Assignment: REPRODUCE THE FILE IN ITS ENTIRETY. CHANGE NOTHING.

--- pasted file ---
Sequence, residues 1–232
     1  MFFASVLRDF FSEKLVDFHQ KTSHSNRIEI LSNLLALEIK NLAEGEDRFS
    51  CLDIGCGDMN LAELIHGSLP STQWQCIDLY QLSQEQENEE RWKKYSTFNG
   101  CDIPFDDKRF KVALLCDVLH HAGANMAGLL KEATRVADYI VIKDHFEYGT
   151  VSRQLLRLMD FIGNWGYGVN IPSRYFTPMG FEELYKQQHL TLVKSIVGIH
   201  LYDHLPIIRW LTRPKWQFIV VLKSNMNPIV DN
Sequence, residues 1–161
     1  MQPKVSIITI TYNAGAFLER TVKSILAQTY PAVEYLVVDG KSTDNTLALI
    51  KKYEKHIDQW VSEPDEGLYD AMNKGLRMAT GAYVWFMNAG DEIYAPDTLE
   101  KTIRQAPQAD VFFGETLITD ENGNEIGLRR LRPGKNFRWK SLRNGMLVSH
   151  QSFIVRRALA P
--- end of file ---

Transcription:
Sequence, residues 1–232
     1  MFFASVLRDF FSEKLVDFHQ KTSHSNRIEI LSNLLALEIK NLAEGEDRFS
    51  CLDIGCGDMN LAELIHGSLP STQWQCIDLY QLSQEQENEE RWKKYSTFNG
   101  CDIPFDDKRF KVALLCDVLH HAGANMAGLL KEATRVADYI VIKDHFEYGT
   151  VSRQLLRLMD FIGNWGYGVN IPSRYFTPMG FEELYKQQHL TLVKSIVGIH
   201  LYDHLPIIRW LTRPKWQFIV VLKSNMNPIV DN
Sequence, residues 1–161
     1  MQPKVSIITI TYNAGAFLER TVKSILAQTY PAVEYLVVDG KSTDNTLALI
    51  KKYEKHIDQW VSEPDEGLYD AMNKGLRMAT GAYVWFMNAG DEIYAPDTLE
   101  KTIRQAPQAD VFFGETLITD ENGNEIGLRR LRPGKNFRWK SLRNGMLVSH
   151  QSFIVRRALA P